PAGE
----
Published 1st March 2017
The English love of claret can be blamed on Henry II who married Queen Eleanor of Aquitaine in 1152. Part of Eleanor's Kingdom included the vineyards of Bordeaux and it wasn't long before the best red wine in the world was being shipped to England. Not only did this prove the death knell for the huge number of English wine grower's but it also turned them into "a nation of shopkeepers".
Claret continued in popularity and demand up until the latter part of the 18th century, when circumstances changed in France and they decided to have a revolution followed by years of Napoleon. During this period, the importation of claret declined and finally ceased, bar a small amount imported by a few entrepreneurs better known as smugglers!
In 1860, the re-importation of claret commenced with reduced duty payed on the wine to encourage trade between France and England. Once again, claret took its rightful place as England's premier alcoholic beverage.
With the resurgence of claret in the late 19th century, not only was it taken up with vigour by the upper classes but also by the wealthier middle classes. Coinciding with this was the rise in the formal banquets and dinner parties, together with all the etiquette that came with them.
Rather than just have opened bottles on the table, a jug was used to hold the wine and so the claret jug was born. The end of the 19th century also coincided with vintage years for claret in 1894, 1896, 1899 and 1900.
The claret jug normally came with a clear glass body that would show off the colour of the claret to be drunk. It would have a silver mounted collar to the neck of the jug with a scroll shaped handle and, of course, the hinged lid.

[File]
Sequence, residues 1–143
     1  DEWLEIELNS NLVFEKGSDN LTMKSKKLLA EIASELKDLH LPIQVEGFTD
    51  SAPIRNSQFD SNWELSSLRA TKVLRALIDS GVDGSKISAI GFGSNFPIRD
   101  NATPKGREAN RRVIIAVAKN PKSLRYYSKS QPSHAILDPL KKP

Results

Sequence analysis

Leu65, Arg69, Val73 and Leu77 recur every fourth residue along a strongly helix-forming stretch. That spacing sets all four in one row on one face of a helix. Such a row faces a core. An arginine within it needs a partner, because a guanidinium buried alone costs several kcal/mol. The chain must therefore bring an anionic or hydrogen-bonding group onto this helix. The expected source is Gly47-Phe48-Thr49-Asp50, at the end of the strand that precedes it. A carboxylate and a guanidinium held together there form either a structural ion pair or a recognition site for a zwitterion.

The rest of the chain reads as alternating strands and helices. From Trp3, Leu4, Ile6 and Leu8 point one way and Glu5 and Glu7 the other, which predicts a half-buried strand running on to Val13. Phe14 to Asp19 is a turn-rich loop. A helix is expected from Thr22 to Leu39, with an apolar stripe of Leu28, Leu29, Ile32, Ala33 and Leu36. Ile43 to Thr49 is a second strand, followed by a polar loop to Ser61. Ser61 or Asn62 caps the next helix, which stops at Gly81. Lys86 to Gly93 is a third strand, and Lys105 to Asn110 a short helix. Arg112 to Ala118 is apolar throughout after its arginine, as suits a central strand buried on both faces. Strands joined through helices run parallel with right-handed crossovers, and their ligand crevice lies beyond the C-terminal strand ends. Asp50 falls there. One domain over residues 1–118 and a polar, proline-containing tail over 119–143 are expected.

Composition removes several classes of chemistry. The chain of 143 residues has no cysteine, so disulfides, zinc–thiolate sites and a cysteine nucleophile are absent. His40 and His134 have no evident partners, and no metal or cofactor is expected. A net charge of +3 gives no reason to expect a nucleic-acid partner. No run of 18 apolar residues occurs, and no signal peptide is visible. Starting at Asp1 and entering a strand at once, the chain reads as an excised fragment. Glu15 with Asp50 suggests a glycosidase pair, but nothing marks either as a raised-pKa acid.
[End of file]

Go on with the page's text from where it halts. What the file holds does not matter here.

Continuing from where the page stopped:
The glass body had several variations in decoration from plain and clear translucent to cut designs, which included the hob nail, palmette and starburst designs. Sometimes the glass would be engraved with traditional English subjects such as stag hunting or fox hunting. The silver mounts would also reflect the latest fashion trends from the traditional bacchanalian scenes of putti, vine leaves and grapes to a more simple scroll and foliate bordered decoration.
Often the finial to the hinged lid would be in the form of a lion or stag holding a shield onto which the owner would have his crest or monogram engraved.
As we move from the Edwardian period towards the Art Deco, once again the claret jug adapted its decoration: the glass body was plain, cylindrical and tapering, lids tended to be flat rather than domed and the handles angular rather than scrolled.
Since the 1930s, claret has again fallen out of favour due to individual vineyards in Bordeaux producing fine wines that people now collect and drink under the vineyards label. These include Chateau Laflite, Chateau Latour and Chateau Mouton-Rothschild. Perhaps it is a greater awareness of fine wines by the British that has in turn led to the demise of the ever collectable claret jug.
The Silver Claret Jug was written on Wednesday, 1st March 2017.